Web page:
In 88 B.C. it seems as if all the world is at war. From Rome to Greece and to Egypt itself, most of civilization is on the verge of war. The young Gordianus—a born-and-raised Roman citizen—is living in Alexandria, making ends meet by plying his trade of solving puzzles and finding things out for pay. He whiles away his time with his slave Bethesda, waiting for the world to regain its sanity. But on the day Gordianus turns twenty-two, Bethesda is kidnapped by brigands who mistake her for a rich man’s mistress. If Gordianus is to find and save Bethesda, who has come to mean more to him than even he suspected, he must find the kidnappers before they realize their mistake and cut their losses. Using all the skills he learned from his father, Gordianus must track them down and convince them that he can offer something of enough value in exchange for Bethesda’s release.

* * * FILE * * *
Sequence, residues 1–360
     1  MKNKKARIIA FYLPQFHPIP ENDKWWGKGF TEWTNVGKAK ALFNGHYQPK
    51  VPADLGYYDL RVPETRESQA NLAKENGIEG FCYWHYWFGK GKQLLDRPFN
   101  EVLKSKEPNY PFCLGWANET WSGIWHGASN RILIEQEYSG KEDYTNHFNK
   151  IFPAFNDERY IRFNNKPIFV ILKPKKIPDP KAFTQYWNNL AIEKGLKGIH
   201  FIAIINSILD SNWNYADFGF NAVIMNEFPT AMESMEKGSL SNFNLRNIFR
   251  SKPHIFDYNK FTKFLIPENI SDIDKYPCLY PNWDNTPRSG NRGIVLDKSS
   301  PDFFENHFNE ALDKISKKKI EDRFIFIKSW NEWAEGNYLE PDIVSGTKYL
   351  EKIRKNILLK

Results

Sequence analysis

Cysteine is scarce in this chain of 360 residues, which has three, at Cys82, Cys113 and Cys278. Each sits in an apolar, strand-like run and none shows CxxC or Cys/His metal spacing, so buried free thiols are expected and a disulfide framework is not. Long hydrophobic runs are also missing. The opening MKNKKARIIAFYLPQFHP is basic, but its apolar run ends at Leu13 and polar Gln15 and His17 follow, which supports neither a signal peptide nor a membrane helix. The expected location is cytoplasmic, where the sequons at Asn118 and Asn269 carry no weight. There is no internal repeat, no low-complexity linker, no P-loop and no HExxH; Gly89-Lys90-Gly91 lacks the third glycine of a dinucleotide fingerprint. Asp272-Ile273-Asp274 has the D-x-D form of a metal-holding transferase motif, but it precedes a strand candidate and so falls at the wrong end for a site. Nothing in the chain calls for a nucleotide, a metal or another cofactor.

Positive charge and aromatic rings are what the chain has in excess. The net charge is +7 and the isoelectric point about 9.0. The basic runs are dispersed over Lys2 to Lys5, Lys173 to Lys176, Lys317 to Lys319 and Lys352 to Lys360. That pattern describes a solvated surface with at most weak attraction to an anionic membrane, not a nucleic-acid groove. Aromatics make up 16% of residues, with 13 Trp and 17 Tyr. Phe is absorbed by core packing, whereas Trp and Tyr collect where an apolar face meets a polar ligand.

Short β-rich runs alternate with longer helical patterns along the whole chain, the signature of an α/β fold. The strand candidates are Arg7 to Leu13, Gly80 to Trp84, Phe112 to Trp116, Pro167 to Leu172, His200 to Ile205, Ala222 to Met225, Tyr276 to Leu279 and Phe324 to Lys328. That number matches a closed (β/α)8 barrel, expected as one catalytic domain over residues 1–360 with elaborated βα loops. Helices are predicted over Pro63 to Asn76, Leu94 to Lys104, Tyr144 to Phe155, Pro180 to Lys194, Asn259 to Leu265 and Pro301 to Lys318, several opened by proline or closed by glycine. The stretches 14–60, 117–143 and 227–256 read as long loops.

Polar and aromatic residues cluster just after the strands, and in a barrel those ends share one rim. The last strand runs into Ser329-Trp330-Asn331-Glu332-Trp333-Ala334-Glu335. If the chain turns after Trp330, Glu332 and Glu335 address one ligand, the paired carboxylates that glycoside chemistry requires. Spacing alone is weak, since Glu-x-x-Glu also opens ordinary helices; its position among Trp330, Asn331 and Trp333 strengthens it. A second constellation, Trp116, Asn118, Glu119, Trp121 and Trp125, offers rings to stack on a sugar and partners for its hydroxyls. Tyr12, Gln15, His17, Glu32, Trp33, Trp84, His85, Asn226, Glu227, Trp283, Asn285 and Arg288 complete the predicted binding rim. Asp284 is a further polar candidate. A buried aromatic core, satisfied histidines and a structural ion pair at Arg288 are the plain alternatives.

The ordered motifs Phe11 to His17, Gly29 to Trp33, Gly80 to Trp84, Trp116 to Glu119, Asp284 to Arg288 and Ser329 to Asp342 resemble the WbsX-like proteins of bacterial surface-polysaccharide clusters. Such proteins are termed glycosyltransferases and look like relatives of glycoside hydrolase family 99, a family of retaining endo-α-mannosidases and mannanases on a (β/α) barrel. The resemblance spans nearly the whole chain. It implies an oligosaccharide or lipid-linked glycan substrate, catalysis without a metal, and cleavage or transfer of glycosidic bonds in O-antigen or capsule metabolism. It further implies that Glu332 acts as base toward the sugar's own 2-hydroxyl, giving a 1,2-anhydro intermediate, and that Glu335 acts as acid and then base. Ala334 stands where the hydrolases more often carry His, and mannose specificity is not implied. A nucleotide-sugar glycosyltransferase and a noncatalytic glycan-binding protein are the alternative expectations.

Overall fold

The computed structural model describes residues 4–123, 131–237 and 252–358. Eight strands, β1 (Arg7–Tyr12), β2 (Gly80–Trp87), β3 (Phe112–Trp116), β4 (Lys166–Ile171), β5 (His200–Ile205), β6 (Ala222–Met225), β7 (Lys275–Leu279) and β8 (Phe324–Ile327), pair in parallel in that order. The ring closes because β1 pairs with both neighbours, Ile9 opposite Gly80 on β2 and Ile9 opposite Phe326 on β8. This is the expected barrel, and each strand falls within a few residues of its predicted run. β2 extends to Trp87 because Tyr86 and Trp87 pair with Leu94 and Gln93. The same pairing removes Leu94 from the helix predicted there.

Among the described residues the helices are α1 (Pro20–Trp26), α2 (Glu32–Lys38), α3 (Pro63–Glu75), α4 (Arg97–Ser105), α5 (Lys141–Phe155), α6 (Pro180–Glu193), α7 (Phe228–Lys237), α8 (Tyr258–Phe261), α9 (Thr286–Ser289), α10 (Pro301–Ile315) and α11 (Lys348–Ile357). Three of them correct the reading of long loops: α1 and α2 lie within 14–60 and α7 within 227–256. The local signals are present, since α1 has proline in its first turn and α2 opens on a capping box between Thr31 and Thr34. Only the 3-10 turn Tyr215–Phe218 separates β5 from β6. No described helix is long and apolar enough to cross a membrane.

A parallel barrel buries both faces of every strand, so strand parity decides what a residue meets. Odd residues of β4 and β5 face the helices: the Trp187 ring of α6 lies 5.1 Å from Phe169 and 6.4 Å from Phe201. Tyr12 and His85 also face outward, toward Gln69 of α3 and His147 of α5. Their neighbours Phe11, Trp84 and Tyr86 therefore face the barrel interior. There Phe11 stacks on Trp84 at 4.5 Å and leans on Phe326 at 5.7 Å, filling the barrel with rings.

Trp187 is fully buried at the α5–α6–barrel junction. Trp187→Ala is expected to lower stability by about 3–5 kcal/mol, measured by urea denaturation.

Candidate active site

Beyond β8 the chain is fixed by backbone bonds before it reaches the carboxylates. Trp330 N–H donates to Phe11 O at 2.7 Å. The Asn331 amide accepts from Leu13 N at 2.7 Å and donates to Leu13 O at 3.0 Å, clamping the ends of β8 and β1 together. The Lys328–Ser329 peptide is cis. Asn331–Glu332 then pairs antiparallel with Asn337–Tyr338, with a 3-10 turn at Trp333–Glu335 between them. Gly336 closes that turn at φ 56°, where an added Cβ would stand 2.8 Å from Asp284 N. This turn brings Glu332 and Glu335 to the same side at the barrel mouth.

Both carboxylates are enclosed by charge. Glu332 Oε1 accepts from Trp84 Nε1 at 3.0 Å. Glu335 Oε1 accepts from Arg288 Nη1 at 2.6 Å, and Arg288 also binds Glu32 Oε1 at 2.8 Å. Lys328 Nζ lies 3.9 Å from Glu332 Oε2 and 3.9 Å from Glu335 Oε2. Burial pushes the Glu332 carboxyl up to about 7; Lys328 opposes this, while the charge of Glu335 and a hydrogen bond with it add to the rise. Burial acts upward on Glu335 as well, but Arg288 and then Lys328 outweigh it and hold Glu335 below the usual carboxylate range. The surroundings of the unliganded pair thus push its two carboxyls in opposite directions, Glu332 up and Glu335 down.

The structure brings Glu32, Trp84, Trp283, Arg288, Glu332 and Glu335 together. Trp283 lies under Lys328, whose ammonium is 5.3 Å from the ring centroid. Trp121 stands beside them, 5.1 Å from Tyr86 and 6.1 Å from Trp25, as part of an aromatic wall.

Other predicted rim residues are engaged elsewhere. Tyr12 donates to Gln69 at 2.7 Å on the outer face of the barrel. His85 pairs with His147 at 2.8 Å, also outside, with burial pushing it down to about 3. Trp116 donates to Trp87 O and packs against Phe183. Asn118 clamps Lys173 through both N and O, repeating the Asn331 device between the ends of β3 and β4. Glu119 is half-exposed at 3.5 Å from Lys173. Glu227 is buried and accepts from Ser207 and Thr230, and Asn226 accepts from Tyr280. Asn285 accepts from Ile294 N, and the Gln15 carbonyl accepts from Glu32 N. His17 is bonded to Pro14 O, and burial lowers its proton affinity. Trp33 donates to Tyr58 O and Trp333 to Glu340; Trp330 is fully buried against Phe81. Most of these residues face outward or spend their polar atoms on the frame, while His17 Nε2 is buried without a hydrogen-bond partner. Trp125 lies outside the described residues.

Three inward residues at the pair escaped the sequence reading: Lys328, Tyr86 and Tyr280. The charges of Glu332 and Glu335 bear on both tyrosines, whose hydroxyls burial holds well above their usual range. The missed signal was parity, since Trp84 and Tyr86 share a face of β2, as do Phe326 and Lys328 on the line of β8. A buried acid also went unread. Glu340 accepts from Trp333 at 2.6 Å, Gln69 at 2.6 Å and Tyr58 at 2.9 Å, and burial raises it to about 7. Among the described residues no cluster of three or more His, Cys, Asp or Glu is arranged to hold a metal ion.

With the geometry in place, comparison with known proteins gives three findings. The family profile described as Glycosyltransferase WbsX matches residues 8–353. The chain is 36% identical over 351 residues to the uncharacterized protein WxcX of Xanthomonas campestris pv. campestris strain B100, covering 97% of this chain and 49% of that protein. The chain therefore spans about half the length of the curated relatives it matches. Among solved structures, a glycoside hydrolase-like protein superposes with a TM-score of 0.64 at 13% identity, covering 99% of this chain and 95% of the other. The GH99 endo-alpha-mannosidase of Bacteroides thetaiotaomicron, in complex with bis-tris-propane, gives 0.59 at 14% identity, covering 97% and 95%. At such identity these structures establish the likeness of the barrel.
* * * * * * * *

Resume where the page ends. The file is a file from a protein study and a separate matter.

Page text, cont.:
As the streets of Alexandria slowly descend into chaos, and the citizenry begin to riot with rumors of an impending invasion by Ptolmey’s brother, Gordianus finds himself in the midst of a very bold and dangerous plot—the raiding and pillaging of the golden sarcophagus of Alexander the Great himself.
New York Times bestselling author Steven Saylor returns, chronicling the early years of his detective, Gordianus, before he assumed the title of The Finder. Raiders of the Nile is the latest in his much-loved series of mysteries set in the late Roman Republic.
“As always, Saylor excels at bringing the past alive, in particular by incorporating the political issues of the day into the action.” —Publishers Weekly (starred) on The Seven Wonders
“Vivid….Saylor has found a marvelous way to bring Roman history and mores alive. This is an excellent entryway to ancient Rome.” –Booklist (starred review) on The Seven Wonders
“Saylor's ability to re-create the classical world is always astounding, and The Seven Wonders is no exception. Expertly researched and beautifully written… A thoroughly enjoyable read.” –The Deseret News
“Steven Saylor’s engrossing series centers around Gordianus the Finder—a kind of Roman Sherlock Holmes.” –The Wall Street Journal on The Triumph of Caesar